Graduate Studies Faculty

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Miranda M. Lim, M.D., Ph.D.

Assistant Professor
Admin Unit: SOM-Neurology Department
Phone: (503) 220-8262, Ext. 57404
Lab Phone: (503) 220-8262, Ext. 51987
Office: VA Bldg 101, Rm 404A
Mail Code: VA RD42
Behavioral Neuroscience
Research Interests:
sleep, EEG, traumatic brain injury, post-traumatic stress disorder, neurodegeneration, Alzheimer's, autism, social behavior, translational studies, Neurobiology of Disease » Click here for more about Dr. Lim's research » PubMed Listing
Preceptor Rotations
Academic Term Available Summer 2016 Maybe Fall 2016 Maybe Winter 2016 Maybe Spring 2016 Maybe Summer 2017 Maybe Fall 2017 Maybe Winter 2017 Maybe Spring 2017 Maybe
Faculty Mentorship
Dr. Lim might be available as a mentor for 2016-2017.

Assistant Professor, Neurology
Assistant Professor, Behavioral Neuroscience
Assistant Professor, Medicine/Pulmonary
Assistant Professor, Oregon Institute of Occupational Health Sciences

The research group of Dr. Miranda Lim is a part of the VA Portland Health Care System, with joint appointments at OHSU in the departments of Medicine, Neurology, Behavioral Neuroscience and the Oregon Institute of Occupational Health Sciences. Our research goals are to discover how sleep modulates processes in the developing brain and in neurodegenerative disease, and to directly translate basic sleep research findings in rodent models into the clinical practice of neurology and sleep medicine.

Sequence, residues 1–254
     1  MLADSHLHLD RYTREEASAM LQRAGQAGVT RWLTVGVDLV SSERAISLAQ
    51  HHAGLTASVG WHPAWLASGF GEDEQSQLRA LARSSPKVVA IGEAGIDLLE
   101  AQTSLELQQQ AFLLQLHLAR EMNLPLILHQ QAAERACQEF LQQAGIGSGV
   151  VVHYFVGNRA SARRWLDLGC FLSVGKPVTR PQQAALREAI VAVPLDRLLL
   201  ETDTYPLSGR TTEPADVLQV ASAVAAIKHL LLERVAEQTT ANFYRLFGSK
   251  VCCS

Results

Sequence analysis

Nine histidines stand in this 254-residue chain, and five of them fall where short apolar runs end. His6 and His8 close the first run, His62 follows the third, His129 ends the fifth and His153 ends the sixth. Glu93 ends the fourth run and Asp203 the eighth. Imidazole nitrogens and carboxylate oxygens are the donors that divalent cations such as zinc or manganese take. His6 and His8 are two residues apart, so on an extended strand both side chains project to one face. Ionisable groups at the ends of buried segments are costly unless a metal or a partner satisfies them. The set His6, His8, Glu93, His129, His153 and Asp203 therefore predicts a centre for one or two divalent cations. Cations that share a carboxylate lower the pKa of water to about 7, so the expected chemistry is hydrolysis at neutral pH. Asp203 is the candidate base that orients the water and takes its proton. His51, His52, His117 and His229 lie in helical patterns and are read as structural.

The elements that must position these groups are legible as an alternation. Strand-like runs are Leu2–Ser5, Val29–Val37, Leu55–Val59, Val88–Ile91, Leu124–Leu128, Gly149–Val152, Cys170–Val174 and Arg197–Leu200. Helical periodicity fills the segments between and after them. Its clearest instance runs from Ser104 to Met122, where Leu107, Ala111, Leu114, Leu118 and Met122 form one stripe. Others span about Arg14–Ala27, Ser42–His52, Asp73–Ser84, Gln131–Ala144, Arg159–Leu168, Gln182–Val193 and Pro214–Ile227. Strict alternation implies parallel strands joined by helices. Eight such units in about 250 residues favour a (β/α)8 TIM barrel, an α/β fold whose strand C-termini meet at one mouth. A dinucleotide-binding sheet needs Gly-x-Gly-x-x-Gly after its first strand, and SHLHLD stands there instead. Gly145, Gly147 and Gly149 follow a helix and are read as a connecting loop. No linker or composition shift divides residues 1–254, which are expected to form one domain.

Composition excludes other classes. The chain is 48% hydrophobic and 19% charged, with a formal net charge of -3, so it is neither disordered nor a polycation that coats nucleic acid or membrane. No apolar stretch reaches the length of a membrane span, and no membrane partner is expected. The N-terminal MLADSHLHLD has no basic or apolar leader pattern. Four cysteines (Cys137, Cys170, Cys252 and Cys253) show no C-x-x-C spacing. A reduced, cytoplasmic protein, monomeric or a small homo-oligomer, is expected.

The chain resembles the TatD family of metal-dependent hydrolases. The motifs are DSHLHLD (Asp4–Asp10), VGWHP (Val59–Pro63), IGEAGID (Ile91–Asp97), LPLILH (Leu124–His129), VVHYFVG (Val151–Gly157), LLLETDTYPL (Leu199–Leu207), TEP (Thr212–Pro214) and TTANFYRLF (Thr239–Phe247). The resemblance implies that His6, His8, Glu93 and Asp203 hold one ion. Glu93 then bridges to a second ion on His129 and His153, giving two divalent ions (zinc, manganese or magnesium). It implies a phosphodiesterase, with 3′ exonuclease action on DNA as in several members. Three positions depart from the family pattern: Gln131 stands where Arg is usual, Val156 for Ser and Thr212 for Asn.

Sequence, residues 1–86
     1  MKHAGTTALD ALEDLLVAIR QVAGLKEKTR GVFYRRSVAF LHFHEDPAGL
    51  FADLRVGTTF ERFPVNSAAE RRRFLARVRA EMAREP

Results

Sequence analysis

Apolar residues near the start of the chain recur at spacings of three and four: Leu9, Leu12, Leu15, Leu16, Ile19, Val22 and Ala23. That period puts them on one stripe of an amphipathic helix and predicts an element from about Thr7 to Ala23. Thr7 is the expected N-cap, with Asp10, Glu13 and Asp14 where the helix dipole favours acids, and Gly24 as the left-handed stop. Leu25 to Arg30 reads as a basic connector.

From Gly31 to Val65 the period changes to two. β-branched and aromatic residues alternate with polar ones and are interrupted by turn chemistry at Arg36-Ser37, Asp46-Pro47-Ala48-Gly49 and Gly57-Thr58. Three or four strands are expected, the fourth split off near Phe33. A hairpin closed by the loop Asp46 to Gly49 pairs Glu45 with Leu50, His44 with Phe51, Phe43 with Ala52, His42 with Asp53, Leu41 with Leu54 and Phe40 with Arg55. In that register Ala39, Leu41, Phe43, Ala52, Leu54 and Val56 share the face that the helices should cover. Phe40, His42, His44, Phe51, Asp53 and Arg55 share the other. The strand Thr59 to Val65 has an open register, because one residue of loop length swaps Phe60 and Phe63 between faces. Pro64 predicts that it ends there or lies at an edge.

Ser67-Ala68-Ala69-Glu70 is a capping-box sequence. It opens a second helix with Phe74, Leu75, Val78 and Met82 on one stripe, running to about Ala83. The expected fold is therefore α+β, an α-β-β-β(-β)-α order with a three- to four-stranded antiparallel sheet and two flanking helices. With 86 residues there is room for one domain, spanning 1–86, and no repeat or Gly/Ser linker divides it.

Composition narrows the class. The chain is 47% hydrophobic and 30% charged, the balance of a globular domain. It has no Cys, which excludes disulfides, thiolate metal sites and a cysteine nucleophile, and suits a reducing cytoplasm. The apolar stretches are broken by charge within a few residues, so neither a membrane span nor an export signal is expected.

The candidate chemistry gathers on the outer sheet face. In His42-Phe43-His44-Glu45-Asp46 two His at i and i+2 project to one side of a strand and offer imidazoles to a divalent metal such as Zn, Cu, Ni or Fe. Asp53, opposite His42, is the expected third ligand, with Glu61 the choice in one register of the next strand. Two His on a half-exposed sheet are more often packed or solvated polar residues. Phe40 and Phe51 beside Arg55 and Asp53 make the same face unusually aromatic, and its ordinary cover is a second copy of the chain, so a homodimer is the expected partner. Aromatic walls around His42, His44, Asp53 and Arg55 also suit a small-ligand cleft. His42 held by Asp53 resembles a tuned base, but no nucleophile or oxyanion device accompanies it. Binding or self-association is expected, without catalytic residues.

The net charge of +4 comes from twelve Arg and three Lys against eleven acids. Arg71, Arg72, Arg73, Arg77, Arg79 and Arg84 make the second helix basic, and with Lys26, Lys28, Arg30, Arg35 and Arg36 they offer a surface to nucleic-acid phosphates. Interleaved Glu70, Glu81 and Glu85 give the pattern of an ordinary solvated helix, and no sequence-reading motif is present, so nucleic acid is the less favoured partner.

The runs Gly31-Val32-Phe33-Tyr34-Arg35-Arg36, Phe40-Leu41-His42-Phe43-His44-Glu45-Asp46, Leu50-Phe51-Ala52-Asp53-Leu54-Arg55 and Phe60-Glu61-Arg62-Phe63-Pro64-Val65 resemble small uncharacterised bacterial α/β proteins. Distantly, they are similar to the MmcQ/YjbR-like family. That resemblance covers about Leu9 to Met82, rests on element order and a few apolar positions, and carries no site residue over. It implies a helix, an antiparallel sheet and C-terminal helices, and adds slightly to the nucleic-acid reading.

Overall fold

The Lim Laboratory is interested in the interface between sleep and common neurological disorders, such as traumatic brain injury (TBI), post-traumatic stress disorder (PTSD), autism, attention deficit hyperactivity disorder (ADHD), and Alzheimer’s disease. We implant EEG electrodes into rodents and record sleep for several days and nights while allowing them to behave freely. We then analyze the EEG for sleep, oscillations, and other quantitative markers in order to identify biomarkers that predict disease trajectories and response to treatment. We also manipulate sleep quality and sleep amounts to assess the function of sleep in the progression of these disorders. Our research moves seamlessly from animal models to clinical research in human subjects, and back to the bench again, with the ultimate goal of designing interventions to optimize sleep and enable better treatments in these vulnerable populations.